Financing Requires lots of equity, according to NAIOP panel05/10/16
Financing requires lots of equity, according to NAIOP panel
Rendering courtesy of The CoStar Group
BioMed Realty was able to command a favorable lease transaction at its new 300,000-square-foot i3 development under construction in University Towne Centre. Illumina signed a 10-year lease for the entire building earlier this spring.
By Thor Kamban Biberman
Friday, May 6, 2016
While speculative development has returned in the office, life sciences, industrial and retail sectors, obtaining sufficient financing isn't easy, according to an NAIOP panel Thursday.
R. Michael Murphy, president of Murphy Development, said financing is available for firms like his, but lenders are requiring huge amounts of equity.
"It's a case of the haves and the have-nots," said Murphy, during the "Development Today" panel held at the Marriott Del Mar in Carmel Valley. "We have a good lender... but on our last transaction, we got 35 percent loan-to-value ratio. We had to put up the rest."
Murphy has planned and developed more than 9 million square feet, much of it in Otay Mesa. He was a pioneer in the early 1980s, when he built a 350,000-square-foot building for Sanyo on Otay Mesa.
Coast Income Properties founder and president Tom Blake, whose firm is developing the 160,000-square-foot Village at Pacific Highlands Ranch retail center, said getting decent loan-to-value ratios is very challenging.
"Finding financing isn't too bad, but the equity requirements are really high," he said. "Luckily I've been doing this for 35 years. For those who have been five or fewer years in the (development) business, it's almost impossible. Even if you have the experience, it's going to be challenging."
Brian Russell, an Eastdil Secured senior vice president who moderated the program, said while the economy has improved, lenders aren't always receptive.
"Banks really don't like to lend for development," Russell said.
Blake also said the Pacific Highlands Ranch experience taught him that it takes two to three years working with the city to amend a community plan.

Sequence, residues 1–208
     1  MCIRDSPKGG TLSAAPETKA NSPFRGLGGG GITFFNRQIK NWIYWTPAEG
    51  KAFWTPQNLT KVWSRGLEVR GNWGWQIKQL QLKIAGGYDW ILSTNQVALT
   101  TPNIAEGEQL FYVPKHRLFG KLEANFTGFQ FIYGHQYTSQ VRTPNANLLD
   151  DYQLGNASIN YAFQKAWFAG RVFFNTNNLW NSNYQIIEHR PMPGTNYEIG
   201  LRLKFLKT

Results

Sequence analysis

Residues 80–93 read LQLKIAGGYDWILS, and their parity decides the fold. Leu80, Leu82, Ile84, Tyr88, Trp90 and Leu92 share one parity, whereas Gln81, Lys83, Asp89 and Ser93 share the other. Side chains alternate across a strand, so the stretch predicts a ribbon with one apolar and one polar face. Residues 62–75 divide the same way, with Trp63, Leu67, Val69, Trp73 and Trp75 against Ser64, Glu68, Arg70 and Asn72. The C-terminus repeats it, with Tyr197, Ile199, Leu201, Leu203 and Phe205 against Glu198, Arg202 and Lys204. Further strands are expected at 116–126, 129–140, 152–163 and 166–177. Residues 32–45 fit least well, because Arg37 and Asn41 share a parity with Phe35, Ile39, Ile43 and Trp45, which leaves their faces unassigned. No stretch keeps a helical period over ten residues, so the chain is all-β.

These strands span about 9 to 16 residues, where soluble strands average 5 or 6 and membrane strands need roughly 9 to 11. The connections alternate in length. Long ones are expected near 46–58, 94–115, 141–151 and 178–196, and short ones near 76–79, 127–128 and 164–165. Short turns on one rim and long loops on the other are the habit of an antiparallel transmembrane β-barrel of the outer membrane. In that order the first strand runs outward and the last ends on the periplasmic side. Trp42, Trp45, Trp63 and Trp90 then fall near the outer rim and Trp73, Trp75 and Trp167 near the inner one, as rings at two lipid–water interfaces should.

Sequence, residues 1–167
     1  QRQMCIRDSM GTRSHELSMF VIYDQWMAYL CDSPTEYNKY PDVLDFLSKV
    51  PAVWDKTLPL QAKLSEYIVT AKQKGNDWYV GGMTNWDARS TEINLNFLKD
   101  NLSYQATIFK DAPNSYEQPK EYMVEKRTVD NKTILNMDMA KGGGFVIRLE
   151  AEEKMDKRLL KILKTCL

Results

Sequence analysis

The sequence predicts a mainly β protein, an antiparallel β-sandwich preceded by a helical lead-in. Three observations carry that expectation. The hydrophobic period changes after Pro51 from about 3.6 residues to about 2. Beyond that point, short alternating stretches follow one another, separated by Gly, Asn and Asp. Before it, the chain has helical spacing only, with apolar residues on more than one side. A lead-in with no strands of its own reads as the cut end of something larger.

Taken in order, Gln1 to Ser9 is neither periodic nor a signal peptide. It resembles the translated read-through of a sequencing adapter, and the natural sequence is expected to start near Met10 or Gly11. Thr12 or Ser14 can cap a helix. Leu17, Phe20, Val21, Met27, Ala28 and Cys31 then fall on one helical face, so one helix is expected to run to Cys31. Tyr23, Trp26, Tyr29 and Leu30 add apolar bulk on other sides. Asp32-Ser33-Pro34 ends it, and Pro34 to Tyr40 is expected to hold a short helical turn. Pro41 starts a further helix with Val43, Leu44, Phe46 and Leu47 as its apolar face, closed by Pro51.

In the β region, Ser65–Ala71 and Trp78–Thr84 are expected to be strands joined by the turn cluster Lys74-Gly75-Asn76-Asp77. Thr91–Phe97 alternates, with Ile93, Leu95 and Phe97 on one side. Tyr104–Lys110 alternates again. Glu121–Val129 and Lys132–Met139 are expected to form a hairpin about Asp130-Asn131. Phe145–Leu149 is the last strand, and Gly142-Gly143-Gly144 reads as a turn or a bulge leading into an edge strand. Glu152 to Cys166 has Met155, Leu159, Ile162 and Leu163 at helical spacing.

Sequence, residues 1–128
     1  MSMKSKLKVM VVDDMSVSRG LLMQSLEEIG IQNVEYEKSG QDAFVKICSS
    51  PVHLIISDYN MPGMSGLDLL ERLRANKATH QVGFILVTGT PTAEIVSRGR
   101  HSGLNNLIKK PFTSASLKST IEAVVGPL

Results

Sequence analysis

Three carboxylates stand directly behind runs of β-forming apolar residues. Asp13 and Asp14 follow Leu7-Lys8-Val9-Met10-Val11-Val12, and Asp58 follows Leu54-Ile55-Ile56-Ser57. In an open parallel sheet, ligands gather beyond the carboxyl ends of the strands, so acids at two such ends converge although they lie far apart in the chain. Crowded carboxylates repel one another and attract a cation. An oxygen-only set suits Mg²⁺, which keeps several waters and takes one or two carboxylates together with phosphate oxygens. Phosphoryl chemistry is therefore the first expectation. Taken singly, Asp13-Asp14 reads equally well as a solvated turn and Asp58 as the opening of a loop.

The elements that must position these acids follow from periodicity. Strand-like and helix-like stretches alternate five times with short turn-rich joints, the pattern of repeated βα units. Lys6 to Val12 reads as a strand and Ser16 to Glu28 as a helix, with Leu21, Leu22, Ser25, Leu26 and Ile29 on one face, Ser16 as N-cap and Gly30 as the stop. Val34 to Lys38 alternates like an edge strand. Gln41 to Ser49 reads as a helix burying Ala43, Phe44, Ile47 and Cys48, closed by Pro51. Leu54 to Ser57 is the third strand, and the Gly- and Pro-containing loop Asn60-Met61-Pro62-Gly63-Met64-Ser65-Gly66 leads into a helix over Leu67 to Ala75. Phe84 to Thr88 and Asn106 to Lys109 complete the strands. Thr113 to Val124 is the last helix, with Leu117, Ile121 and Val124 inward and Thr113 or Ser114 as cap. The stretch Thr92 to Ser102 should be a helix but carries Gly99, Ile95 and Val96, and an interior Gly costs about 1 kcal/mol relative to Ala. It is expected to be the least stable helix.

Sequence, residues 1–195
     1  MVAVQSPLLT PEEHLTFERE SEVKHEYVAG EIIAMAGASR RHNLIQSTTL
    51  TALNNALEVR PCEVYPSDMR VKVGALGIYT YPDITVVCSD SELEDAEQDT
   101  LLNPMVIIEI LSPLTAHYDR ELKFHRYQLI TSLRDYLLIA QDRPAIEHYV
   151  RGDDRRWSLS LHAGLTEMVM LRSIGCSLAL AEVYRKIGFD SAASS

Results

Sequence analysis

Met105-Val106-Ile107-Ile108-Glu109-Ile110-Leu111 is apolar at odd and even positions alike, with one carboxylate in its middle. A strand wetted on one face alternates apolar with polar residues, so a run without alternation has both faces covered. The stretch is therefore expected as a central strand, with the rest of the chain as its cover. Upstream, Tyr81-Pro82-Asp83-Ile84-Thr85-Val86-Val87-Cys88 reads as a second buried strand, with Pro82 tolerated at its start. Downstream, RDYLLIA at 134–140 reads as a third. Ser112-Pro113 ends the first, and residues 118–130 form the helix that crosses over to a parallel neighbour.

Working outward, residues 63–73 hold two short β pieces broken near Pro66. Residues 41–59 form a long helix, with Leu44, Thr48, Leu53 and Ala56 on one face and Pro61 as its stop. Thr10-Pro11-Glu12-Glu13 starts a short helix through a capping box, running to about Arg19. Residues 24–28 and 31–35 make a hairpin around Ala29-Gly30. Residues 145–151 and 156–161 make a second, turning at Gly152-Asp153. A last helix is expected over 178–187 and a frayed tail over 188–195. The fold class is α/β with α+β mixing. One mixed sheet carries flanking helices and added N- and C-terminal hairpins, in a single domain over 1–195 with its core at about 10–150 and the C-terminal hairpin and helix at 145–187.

Jamas Gwilliam, a Kilroy Realty Corp. (NYSE: KRC) senior vice president, agreed it can be a challenge. Kilroy has struggled to get its One Paseo mixed-use development off the ground.
"It's difficult to spend money until we get clarity in the process," Gwilliam said.
Blake said the good news is there wasn't a blitz of construction immediately prior to the recession as in past decades.
"We severely overbuilt then, but we don't have that situation today," Blake said.
Real estate investment trusts, like Kilroy, have access to huge lines of credit. Gwilliam said even a firm as large as his has found it necessary to sell a significant number of assets to improve its balance sheet.
While the REIT owned more than 5 million square feet of primarily office real estate in San Diego County four years ago, the figure is closer to half that today.
One of those sold assets is the 465,000-square-foot Santa Fe Summit, development fully occupied by tax software firm Intuit (Nasdaq: INTU), which earlier this year paid about $262 million for the complex it has inhabited since the complex was constructed in the mid-2000s.
While Kilroy may have sold off a lot of office buildings, it will continue to be a major player here. Although its One Paseo development has been scaled back, it still calls for a 1.1 million-square-foot buildout, instead of 1.45 million square feet. The nearly 500,000 square feet of office space in the old plan has been cut to 280,000 square feet.
The amount of retail space at One Paseo has also been slashed from 199,000 square feet to 95,000 square feet. Approximately 600 residential units remain in the plan. Each of these figures could be amended, however.
Rancho-Bernardo-based BioMed Realty Corp., -- now a subsidiary of The Blackstone Group (NYSE: BX) -- is heavily invested in San Diego County with millions of square feet of property.
Tracy Murphy, a BioMed senior vice president, said while her firm has long been in acquisition mode, it didn't make sense to develop until fairly recently.
"We spent almost a decade with $2 rents," she said. "It's a much different situation when you can go in front of a lender with $4 rents."
"The only (office building) you can build has to have $4 rents," said Eastdil's Russell.
Gwilliam, the Kilroy executive, said while there are exceptions, rents are still generally not sufficiently high to justify new construction.
"We haven't seen the same rewards for costs," he said.
Phil Monroe, president of Locale Advisors, said properties like BioMed's i3 development and his company's San Diego Tech Center succeed because they set themselves apart.
"You're not going to develop the standard issue office building in this environment," Monroe said.
Both Michael Murphy and Tracy Murphy said the companies in their business parks are scrambling to find enough skilled workers to fill the open positions.
"We are in a race for talent," Tracy Murphy said. "You have people come in and they want outlets for their phone chargers everywhere."
Tracy Murphy, the BioMed senior vice president, said she has also learned that "one size does not fit all."
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